Human induced pluripotent stem cell-derived cardiomyocytes (hiPSC-CMs) are used for genetic models of cardiac diseases. We report an arrhythmia syndrome consisting of Early Repolarization Syndrome (ERS) and Short QT Syndrome (SQTS). The index patient (MMRL1215) developed arrhythmia-mediated syncope after electrocution and was found to carry six mutations. Functional alterations resulting from these mutations were examined in patient-derived hiPSC-CMs. Electrophysiological recordings were made in hiPSC-CMs from MMRL1215 and healthy controls. ECG analysis of the index patient showed slurring of the QRS complex and QTc = 326 ms. Action potential (AP) recordings from MMRL1215 myocytes showed slower spontaneous activity and AP duration was shorter. Field potential recordings from MMRL1215 hiPSC-CMs lack a "pseudo" QRS complex suggesting reduced inward current(s). Voltage clamp analysis of ICa showed no difference in the magnitude of current. Measurements of INa reveal a 60% reduction in INa density in MMRL1215 hiPSC-CMs. Steady inactivation and recovery of INa was unaffected. mRNA analysis revealed ANK2 and SCN5A are significantly reduced in hiPSC-CM derived from MMRL1215, consistent with electrophysiological recordings. The polygenic cause of ERS/SQTS phenotype is likely due to a loss of INa due to a mutation in PKP2 coupled with and a gain of function in IK,ATP due to a mutation in ABCC9.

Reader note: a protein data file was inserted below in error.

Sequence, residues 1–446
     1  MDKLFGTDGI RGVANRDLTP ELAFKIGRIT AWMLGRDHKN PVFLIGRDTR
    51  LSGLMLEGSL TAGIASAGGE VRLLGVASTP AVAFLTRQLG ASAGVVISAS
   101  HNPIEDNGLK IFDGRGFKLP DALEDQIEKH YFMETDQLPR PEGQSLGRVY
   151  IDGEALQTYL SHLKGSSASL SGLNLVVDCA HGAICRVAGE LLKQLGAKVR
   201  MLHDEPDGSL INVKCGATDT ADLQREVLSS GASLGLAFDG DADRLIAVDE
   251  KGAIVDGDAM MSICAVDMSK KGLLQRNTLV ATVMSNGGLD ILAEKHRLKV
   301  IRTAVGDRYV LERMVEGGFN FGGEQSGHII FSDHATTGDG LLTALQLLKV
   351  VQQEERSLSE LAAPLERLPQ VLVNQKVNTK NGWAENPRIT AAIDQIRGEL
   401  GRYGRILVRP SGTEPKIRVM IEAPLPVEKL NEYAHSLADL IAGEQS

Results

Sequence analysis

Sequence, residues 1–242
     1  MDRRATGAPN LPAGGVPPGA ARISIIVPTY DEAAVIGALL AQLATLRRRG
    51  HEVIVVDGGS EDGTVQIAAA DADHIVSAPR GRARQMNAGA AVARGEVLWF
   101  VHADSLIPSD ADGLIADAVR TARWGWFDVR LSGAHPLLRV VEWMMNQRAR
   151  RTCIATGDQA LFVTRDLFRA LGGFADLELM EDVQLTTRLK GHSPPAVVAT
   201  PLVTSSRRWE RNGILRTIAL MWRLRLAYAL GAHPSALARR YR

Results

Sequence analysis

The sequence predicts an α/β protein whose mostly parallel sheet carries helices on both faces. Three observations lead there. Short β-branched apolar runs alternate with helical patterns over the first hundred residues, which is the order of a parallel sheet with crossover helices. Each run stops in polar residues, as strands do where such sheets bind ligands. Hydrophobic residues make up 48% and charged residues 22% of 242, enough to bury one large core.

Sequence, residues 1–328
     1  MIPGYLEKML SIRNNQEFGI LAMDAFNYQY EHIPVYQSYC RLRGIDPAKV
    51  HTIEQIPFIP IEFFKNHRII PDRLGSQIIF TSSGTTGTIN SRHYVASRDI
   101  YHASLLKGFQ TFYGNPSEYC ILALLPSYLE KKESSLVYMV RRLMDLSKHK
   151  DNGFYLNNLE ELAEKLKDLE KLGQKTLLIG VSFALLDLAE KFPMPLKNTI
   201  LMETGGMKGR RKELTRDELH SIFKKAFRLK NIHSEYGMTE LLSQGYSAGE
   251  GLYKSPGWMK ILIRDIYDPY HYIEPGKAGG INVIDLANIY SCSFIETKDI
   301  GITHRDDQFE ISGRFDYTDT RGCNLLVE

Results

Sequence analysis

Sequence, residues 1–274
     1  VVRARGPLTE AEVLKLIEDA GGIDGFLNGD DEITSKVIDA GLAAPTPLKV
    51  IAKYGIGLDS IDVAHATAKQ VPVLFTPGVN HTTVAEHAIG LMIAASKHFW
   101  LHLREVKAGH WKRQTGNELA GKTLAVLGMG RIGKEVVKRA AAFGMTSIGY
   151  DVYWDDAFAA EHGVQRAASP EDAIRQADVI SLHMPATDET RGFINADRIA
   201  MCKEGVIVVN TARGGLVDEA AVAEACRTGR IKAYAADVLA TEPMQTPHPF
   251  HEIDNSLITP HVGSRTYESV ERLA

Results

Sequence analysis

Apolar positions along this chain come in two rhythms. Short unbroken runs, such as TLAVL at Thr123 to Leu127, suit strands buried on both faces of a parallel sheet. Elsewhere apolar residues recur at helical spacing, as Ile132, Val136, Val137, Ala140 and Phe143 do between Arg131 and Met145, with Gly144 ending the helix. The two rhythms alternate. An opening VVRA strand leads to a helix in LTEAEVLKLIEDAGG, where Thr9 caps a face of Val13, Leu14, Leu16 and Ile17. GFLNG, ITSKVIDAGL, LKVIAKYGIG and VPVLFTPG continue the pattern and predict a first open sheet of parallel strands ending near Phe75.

Keywords: action potentials; depolarization; electrophysiology; sodium current; stem cells.